Anderson also raises and sells certified seed wheat.
“We grow both irrigated and dryland wheat, so it is helpful to have as much information as possible on how a variety will yield in different conditions,” he says. “And we are always at the mercy of Mother Nature.”
A late hailstorm knocked out a field he was certain would be a contest contender. “But, even with a 75% loss, we still harvested 56 bushels per acre,” Anderson says.
He sees the future for wheat and other commodities based on prescriptions for specific varieties set to soil conditions, rainfall and geography. Exact fertility programs, understanding micronutrient responses and fungicides that match up with the disease package within a variety, and better timing of management inputs will all be requirements, he believes.
“Wheat can be a tough crop to try to outguess, but we’re discovering that good management pays off. Every year, we continue to learn something new,” Anderson says.
For More Information:
HIGH YIELD WINNER:
Irrigated Winter Wheat Category:
Variety: Limagrain Jet (750,000 seeds per acre)
Yield: 184.29 bushels per acre, 247.72% over county five-year average
Farm Overview: Phillip Gross farms with the Warden Hutterian Brethren, a family farm that encompasses nearly 25,000 acres in central Washington. More than half of the acreage is under a limited-water-irrigation scenario. A declining water table makes water conservation a high priority.
Cropping Mix: Crop rotation is a must in the region. On irrigated land, the most common crops are wheat, potatoes, garbanzo beans, mint, corn, peas and bluegrass seed. They also have approximately 6,500 acres of dryland wheat in a summer fallow rotation.
Input Strategy: Applied roughly 1⁄3 of the fertilizer preplant, 1⁄3 topdress in the spring and 1⁄3 late season as a finisher for test weight and protein. Starter fertilizer consists of a specialized custom mixture of nitrogen, phosphorus, sulfur, zinc and some additional micronutrients for optimum seedling health. Herbicides, fungicides, PGRs (plant growth regulators), micronutrients and foliars are applied preferably earlier rather than later if conditions allow. Seed treatments are customized for specific areas according to pests and threats, and for specific wheat varieties. Tissue samples are pulled after Feekes 4 and continued once a month until wheat is mature.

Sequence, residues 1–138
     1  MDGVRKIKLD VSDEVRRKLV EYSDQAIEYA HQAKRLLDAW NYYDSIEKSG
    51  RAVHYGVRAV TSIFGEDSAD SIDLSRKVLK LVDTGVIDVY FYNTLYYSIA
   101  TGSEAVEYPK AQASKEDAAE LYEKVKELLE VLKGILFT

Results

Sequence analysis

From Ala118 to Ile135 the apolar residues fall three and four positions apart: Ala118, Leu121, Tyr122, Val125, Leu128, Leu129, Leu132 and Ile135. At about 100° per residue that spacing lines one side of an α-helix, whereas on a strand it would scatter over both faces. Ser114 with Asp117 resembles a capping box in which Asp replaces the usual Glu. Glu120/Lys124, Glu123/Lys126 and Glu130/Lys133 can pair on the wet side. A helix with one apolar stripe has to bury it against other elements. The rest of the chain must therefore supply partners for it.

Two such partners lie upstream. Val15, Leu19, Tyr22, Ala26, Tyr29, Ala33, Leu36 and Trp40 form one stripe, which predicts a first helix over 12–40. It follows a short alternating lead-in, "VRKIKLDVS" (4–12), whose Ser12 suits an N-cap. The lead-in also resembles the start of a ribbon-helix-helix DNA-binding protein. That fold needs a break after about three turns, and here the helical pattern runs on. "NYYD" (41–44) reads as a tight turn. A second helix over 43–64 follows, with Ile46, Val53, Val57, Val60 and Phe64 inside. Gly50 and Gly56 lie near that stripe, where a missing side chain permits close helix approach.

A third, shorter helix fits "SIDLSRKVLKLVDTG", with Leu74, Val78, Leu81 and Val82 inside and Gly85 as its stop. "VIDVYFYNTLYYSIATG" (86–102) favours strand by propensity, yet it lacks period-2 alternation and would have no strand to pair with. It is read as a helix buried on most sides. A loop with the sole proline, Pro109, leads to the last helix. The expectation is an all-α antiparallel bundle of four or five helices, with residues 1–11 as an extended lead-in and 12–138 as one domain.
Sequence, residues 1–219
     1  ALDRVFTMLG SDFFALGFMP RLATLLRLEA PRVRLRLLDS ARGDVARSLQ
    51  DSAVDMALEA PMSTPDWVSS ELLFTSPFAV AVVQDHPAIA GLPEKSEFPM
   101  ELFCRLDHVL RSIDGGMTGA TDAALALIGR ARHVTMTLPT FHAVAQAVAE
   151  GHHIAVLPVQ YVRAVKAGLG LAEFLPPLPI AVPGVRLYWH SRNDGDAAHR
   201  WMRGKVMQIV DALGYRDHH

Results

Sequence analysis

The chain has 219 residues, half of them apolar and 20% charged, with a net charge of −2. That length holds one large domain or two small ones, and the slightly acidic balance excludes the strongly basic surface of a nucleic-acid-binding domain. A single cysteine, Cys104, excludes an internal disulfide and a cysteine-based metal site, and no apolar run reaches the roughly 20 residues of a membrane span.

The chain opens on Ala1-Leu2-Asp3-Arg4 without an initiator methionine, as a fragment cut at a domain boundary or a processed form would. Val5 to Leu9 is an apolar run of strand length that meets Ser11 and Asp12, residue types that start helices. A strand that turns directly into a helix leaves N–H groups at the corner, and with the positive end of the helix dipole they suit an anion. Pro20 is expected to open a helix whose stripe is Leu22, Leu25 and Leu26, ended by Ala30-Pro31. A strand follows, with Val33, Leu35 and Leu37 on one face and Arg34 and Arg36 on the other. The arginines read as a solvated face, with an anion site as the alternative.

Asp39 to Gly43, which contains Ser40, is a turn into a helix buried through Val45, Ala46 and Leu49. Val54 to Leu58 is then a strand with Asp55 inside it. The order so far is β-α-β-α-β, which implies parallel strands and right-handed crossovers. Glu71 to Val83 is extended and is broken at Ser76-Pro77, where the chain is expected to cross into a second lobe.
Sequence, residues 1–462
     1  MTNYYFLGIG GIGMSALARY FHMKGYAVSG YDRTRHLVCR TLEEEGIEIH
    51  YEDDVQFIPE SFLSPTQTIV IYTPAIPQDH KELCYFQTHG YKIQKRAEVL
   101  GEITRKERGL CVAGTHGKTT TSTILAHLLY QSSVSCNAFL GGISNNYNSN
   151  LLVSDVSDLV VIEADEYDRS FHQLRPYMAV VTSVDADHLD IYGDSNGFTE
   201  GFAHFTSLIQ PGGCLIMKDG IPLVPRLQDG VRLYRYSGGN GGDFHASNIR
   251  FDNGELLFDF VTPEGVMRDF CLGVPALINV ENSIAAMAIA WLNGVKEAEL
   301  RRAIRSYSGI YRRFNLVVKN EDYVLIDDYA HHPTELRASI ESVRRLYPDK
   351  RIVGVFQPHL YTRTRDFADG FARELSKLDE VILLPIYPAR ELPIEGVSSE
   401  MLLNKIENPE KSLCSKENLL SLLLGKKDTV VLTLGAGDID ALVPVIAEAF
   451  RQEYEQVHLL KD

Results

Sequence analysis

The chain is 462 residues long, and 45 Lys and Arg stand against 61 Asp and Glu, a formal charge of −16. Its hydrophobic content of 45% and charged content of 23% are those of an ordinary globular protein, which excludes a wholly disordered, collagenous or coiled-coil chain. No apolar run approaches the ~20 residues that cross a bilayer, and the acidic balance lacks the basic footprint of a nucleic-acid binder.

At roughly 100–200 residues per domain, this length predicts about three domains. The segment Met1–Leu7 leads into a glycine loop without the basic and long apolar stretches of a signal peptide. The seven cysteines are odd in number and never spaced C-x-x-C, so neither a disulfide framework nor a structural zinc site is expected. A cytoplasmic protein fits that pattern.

Biggest Challenge: “It takes a lot of hard work, scouting and micromanaging to get wheat to reach the top of its potential, as well as keeping disease and pest pressure low, and plant health optimal,” Gross says. “Knowing how to respond correctly to certain scenarios at the appropriate time while not investing too many resources is probably the biggest challenge.”
High-Yield Hint: “Wheat is resilient, and if you’re able to diminish plant stress and apply needed nutrients in a timely manner, it will produce. Also, there’s no substitute for putting your shadow in the field and immediately catching any problems that pop up.”
Dryland Winter Wheat Category:
Al’s Broken Bar Farms
Variety: WestBred Grainfield (1,000,000 seeds per acre)
Yield: 115.26 bushels per acre, 311.64% over county five-year average
Farm Overview: Brandon Friesen is a third-generation producer farming about 3,000 acres in southwest Kansas with his father, Lyle. The average annual rainfall is about 18 inches. In addition to wheat, he raises milo, corn and cattle, and operates a custom harvesting business. Water management is critical--row crops are all grown using no-till practices. Weed management is a must to preserve moisture.
Input Strategy: Seed treated with Vibrance EXT and Revize seed treatments. Annual soil sampling. During October, applied 43 pounds per acre of 11-52-0 starter. In November, topdressed with 90 pounds of nitrogen. Bumped up seeding rate this year to take advantage of good subsoil moisture. Aerially applied fungicides in early May.
Biggest Challenge: “We do all we can to give the crop the best start possible,” Friesen says. “We use certified seed, seed treatments and take care of the fertility needs of the crop. Our 10-year average is about 45 bushels per acre, and we can have significantly lower yields if we don’t get timely rains. God blessed our area with timely rains and nearly ideal growing conditions in 2017, which contributed to our great yields.”
Why Wheat: “There is some great yield potential in these new wheat varieties. Even with the weather challenges we can face from year to year, we know that the potential is there.”
Dryland Spring Wheat Category:
Variety: WestBred 9479 (105 pounds per acre)
Yield: 103.42 bushels per acre, 88.04% over county five-year average
Farm Overview: Solem farms with his two brothers, Peter and Jim, in Oslo, Minnesota, located in the far northwestern part of the state. Together, they farm about 3,000 acres of spring wheat, sugar beets and soybeans. Wheat is a major part of their crop rotation. This is the first year Solem has participated in the contest. The crop was planted May 10 and harvested Aug. 20.